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Jen Vennon: A Crack Addiction In The Making

Sunday, July 7th, 2013

A Climbing Crack Addiction in the Making
 
a-crack-addiction-in-the-making-1This road trip started as all road trips should. We loaded the car with all of our camping gear and the dog, and headed west in search of sun. It’d been a long cold winter and I had begun to associate sunshine and warmth with happiness. These were simple equations. Cold = sadness. Warmth = happiness.
 
After a few days of bouldering in Joe’s Valley, a humbling experience that reminded both Andrew and I of how little climbing we’d done over the last four months, we headed to Moab with the vague idea of climbing a desert tower. I was very excited about this idea, having never done anything like that before, but when we arrived in Moab we faced a few hurdles. First, the puppy was exhausted and proving to be a bit intolerant to dry heat. Hiking her up to a tower and tying her up all day wasn’t going to be an option.
 
Second, it was Jeep Safari Week in Moab. The hotels and campsites were crawling with “Jeepers.” Now, I’m not one to judge, but it was safe to say we were a bit out of our element with this crowd and quickly realized that we need to move on.
 
a-crack-addiction-in-the-making-2Andrew had the great idea of going to Indian Creek. He claimed that it was a beautiful place and would be a great way to stay warm and happy. Being unable to argue with those points I agreed.
 
At this point in the story I must confess to the following: Despite having climbed for nearly 13 years, I have never climbed a hand crack. I cannot hand jam. And I do not know how to place gear. This has never really been a problem though, because I mostly sport climb and occasionally boulder. For 13 years I’ve been able to completely avoid cracks and most people are none the wiser to my shortcomings.
 
Indian Creek is a crack-climber’s paradise. Small cracks, wide cracks, finger cracks, off-width crack . . . you name, it has it. Cracks galore!
 
What Indian Creek does not appear to have are hand holds—at least as I know them. This was sure to be a problem, but I was optimistic. After thirteen years of climbing I’ve come to believe that I can pretty much get up any climb 5.11 or easier. I actually can’t remember the last time I fell on a 5.11. So even though I knew I was in for an eye-opening experience, I really had no idea how ill equipped I was for Indian Creek.
 
After a lovely night in the campground and several cups of morning coffee Andrew and I headed for the 4 x 4 wall on the recommendation of the guy camping next to us. The rock looked amazing. Deep red with perfect vertical lines every 20 feet.
 
Our first climb was 5.10 finger crack in a dihedral. I tied into the toprope Andrew put up for me and headed up. I quickly realized that I could easily lieback the entire thing and had little trouble getting to the anchors. “See, you don’t have to know how to hand jam to do this,” I thought to myself.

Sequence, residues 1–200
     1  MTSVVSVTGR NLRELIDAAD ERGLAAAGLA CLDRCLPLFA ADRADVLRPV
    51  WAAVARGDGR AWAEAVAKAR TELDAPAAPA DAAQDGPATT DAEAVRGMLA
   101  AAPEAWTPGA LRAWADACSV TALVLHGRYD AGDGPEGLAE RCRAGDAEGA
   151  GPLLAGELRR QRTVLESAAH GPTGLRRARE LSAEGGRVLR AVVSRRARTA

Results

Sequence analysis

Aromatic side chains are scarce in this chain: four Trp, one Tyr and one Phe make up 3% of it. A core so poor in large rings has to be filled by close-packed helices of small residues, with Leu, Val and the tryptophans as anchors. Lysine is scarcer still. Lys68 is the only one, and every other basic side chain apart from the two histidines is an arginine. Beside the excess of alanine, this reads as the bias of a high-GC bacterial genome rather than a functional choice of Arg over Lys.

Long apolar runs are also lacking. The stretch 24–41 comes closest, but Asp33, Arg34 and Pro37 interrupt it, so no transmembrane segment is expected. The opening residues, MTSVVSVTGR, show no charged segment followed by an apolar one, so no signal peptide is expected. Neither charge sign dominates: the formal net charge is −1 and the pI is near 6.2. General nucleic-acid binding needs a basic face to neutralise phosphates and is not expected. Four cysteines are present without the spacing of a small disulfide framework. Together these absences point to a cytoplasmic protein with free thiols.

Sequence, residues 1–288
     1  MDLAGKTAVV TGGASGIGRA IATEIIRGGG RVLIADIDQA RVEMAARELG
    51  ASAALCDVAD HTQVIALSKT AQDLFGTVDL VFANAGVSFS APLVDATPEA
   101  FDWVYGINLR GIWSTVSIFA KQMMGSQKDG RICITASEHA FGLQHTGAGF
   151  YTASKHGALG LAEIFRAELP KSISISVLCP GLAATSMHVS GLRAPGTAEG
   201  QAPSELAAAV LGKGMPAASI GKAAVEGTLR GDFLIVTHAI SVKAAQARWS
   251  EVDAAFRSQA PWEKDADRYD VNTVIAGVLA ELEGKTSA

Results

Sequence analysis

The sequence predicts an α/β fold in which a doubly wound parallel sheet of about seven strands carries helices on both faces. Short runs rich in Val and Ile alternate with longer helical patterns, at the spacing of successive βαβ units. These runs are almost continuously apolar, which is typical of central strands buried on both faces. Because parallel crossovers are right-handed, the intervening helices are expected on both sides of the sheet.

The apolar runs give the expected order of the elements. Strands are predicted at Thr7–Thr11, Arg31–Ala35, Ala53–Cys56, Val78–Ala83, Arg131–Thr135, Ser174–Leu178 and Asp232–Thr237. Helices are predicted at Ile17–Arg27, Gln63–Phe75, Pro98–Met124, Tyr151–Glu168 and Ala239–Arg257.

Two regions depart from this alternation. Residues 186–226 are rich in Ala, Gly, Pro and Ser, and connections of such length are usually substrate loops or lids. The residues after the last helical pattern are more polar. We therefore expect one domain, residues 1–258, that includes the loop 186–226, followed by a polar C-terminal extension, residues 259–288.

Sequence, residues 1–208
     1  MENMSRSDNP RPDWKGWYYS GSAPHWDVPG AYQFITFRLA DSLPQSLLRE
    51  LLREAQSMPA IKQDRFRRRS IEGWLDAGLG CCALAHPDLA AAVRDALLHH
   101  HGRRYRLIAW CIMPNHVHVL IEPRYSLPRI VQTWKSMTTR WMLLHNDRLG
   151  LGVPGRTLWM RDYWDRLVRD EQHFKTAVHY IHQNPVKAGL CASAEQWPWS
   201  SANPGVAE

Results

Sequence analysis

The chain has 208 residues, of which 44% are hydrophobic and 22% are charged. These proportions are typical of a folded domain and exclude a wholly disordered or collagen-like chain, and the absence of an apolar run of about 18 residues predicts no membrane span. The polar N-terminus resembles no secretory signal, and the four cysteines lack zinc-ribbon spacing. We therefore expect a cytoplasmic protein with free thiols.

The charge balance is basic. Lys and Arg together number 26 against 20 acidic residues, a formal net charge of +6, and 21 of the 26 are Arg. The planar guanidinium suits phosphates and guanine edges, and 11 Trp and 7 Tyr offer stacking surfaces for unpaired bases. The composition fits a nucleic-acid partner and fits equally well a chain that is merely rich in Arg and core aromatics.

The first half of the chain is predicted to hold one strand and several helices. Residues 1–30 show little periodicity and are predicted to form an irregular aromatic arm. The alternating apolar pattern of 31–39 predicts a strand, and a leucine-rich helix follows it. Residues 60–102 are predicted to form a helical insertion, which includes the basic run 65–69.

Knowing that I would avoid hand jamming at all costs and never learn a thing if he let me, Andrew moved us onto a hand crack with no option to lieback. He helped me make some tape gloves and then smirked as I tied into the toprope left for us by two nice fellas. I was super excited and feeling confident. I told Andrew that there was no way I’d get off the ground, but secretly I was hoping I’d just zoom up this thing.
 
Over the next 30 minutes I was nothing short of a complete mess. At first I tried to find little crimpers hidden in the crack. Then I tried to stem my feet out on microscopic pieces of lichen. Once that failed I resigned to sticking my hands and feet into the crack and putting most of my body weight on the rope. I looked like the little kids in my climbing classes who thrust their hips up and wait for the belayer to take the slack only to sit on the rope and move their hands.
 
a-crack-addiction-in-the-making-3I felt like I’d never climbed before. All of the time I’d spent developing technique and strength was completely worthless. I might as well have been attempting to surf for the first time; it was that unfamiliar and removed from everything I knew about climbing.
 
After 30 minutes I’d managed to move myself about 30 feet up the wall. I’m pretty sure I did a few hand jams and maybe even one fist jam. But all and all it was a complete failure.
 
As I returned to the ground, Andrew laughed and remarked about how we’d finally found a 5.11 I couldn’t climb.
 
At the time I claimed to hate crack climbing and vowed to never attempt it again. I was a sport climber and that was fine by me.
 
But now that we are home I can already feel the familiar urge to get back out there and try it again. While part of me wants so badly to write off crack climbing and go back to familiar successes, the other part simply cannot accept defeat. I have to figure this puzzle out.
 
So the next time you’re in Indian Creek and see some poor girl getting her butt completely handed to her. That’ll be me. Learning to climb all over again.
~ Jen Vennon, prAna Ambassador
 
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